3. I’m with you guys. I don’t see a problem with “Pacific” and “Winter,” especially since neither of those names is in common usage for the Old World species. The only potential pitfall would be in confusing “Winter Wren” (sensu lato) with “Winter Wren” (sensu stricto).

  4. Great news for the wrens, although I’ll echo comments on the awfulness of Eastern and Western Winter-Wren. There is nothing wrong with Pacific Wren.

    Disappointing about the scrub-jays, although it is also disappointing that no one has yet studied the contact zone rigorously. Hopefully soon.

    On crossbills – I’m not disappointed. I’m still trying to wrap my head around the notion of defining a species whose only diagnosis is call type, a learned trait that can be changing by individuals. If an individual can just change its call type and thus jump from one putative species to another, I just don’t see labeling them all as species.

    On Whips – I have the paper if you want it, just email me. It doesn’t devote much more than a sentence or two to the vociferus split, but I think it is valid.

  5. Regarding the crossbill biz, I’ve been less inclined to see the different voice-types as “species” ever since I learned that individuals have been documented to change their calls as adults. If the calls are not innate (eg, genetically programmed… as calls usually are for most birds, or at least so we think), then they are not likely to be effective isolating mechanisms preventing interbreeding of different populations. Bill sizes are important for being able to eat the locally important seeding conifer, but bill sizes are also not isolating mechanisms since there are frequent-enough irruption events that force crossbills of a given bill-type to forage on a seed type for which their bills are not evolved to eat… and during these irruptions, types with different bills and calls are often found together, increasing the chances that they might interact and interbreed. Such irruption events are probably the important ones to maintain isolation or permit interbreeding of different voice and bill-types of crossbill. Thus, genetic markers would be one of the most important means by which to understand if these forms of crossbill are truly on their own evolutionary trajectories or not. Also important would be continued marking studies to see if individuals form mixed pairs, etc (although this would require a huge amount of work in capturing thousands of individuals to find only a few cases of confirmed mixed-pairs). Finally, if the call notes cannot be used as definitive characters to identify crossbills (due to the afore-mentioned fact that individuals can copy and/or change the call type they learned), then how are we identifying crossbill types without a lot of error? This quandary is as relevant to South Hills crossbills as to all other North American (and, presumably, Eurasian) types.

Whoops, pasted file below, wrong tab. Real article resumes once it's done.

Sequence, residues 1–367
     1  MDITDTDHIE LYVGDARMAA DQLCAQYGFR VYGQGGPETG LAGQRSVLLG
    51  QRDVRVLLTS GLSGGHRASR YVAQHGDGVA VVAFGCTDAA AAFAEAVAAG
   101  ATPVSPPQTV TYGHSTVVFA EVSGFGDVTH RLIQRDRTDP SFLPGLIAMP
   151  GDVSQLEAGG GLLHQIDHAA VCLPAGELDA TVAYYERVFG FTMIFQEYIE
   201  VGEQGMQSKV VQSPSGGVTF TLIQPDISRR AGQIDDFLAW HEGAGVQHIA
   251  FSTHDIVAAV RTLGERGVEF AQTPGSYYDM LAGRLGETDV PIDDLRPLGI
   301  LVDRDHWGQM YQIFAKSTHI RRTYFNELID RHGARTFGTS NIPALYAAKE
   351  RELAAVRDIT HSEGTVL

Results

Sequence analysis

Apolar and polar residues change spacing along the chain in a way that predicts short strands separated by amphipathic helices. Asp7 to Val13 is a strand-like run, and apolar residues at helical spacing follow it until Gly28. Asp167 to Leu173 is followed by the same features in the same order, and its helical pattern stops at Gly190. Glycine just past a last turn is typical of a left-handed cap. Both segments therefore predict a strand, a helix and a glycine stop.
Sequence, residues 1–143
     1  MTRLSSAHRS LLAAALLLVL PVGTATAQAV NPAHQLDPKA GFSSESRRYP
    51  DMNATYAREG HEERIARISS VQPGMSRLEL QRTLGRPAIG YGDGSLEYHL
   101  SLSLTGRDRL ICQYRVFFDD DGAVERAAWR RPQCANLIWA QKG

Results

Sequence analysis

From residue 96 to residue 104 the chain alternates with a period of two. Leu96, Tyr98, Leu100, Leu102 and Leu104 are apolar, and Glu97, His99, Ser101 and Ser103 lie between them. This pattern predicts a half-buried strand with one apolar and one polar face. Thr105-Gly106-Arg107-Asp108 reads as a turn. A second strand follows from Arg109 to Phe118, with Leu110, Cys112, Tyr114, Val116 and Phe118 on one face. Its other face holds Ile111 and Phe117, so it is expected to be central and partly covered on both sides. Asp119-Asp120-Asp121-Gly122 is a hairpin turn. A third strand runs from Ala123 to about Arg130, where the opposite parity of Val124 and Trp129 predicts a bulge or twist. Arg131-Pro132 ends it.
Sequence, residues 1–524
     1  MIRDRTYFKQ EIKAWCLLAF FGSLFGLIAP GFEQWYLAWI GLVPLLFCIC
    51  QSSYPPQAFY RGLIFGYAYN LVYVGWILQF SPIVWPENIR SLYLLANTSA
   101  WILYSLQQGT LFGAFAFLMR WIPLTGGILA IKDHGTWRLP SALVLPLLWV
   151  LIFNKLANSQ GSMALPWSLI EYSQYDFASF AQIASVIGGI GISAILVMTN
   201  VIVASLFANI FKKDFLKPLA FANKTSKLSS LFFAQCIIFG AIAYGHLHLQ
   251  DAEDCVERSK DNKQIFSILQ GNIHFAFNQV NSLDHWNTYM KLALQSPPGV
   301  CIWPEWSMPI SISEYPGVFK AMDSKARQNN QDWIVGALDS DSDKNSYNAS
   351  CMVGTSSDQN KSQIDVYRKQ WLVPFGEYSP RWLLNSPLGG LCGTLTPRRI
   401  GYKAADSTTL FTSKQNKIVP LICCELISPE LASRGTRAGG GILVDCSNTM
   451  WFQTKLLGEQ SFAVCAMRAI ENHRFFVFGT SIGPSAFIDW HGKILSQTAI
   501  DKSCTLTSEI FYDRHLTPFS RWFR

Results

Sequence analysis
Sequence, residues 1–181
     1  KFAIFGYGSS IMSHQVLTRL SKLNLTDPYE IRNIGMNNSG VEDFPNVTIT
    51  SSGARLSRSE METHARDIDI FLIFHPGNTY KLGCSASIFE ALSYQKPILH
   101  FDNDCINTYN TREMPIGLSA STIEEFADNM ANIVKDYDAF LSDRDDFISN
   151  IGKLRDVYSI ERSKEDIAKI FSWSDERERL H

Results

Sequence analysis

Of course, apart from the South Hills form (for which a new holotype specimen was designated) the added problem with other crossbills is that it is not clear which names (already created and, by the International Code of Nomenclature cannot be dismissed without failing every effort to retain them) belong to which call/bill types. This will slow down that process considerably… again, genetic markers will be important (assuming that ancient DNA techniques can be used to recover useful sequences from the type specimens) and that these markers will have meaning with relation to bill and voice types now known to exist.

  6. @Charles, not to worry; in a few more years there will be an Idaho Wren, which will eventually be split into a Western Idaho Wren and an Eastern Idaho Wren; the Eastern Idaho Wren being eventually changed to Summer Wren.

  7. The fact that crossbills can change call type as adults freaks a lot of people out. But the underlying genetics of those individuals, and their bill morphologies, don’t change. They are very rare (at least in the Idaho study — there was only one documented), partly because (in theory) their hybrid offspring will be selected against. Evolutionarily speaking, these birds that have paired with the wrong type have made a poor choice. In my view, it’s basically the same situation as with any hybrids (Indigo x Lazuli Bunting, for instance) — it’s just that birders react differently on a psychological level.